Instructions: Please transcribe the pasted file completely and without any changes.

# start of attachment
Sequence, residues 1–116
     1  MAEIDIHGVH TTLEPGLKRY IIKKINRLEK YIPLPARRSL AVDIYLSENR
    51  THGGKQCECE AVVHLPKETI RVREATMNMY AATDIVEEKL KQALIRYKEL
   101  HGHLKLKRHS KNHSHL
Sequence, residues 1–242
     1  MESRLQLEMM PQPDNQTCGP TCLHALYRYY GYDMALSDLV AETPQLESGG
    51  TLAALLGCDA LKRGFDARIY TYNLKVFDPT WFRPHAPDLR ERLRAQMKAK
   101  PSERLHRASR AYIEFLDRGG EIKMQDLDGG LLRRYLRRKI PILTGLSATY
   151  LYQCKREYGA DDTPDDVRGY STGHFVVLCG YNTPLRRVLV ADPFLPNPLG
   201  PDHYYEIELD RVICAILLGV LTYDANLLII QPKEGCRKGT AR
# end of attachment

Sequence, residues 1–116
     1  MAEIDIHGVH TTLEPGLKRY IIKKINRLEK YIPLPARRSL AVDIYLSENR
    51  THGGKQCECE AVVHLPKETI RVREATMNMY AATDIVEEKL KQALIRYKEL
   101  HGHLKLKRHS KNHSHL
Sequence, residues 1–242
     1  MESRLQLEMM PQPDNQTCGP TCLHALYRYY GYDMALSDLV AETPQLESGG
    51  TLAALLGCDA LKRGFDARIY TYNLKVFDPT WFRPHAPDLR ERLRAQMKAK
   101  PSERLHRASR AYIEFLDRGG EIKMQDLDGG LLRRYLRRKI PILTGLSATY
   151  LYQCKREYGA DDTPDDVRGY STGHFVVLCG YNTPLRRVLV ADPFLPNPLG
   201  PDHYYEIELD RVICAILLGV LTYDANLLII QPKEGCRKGT AR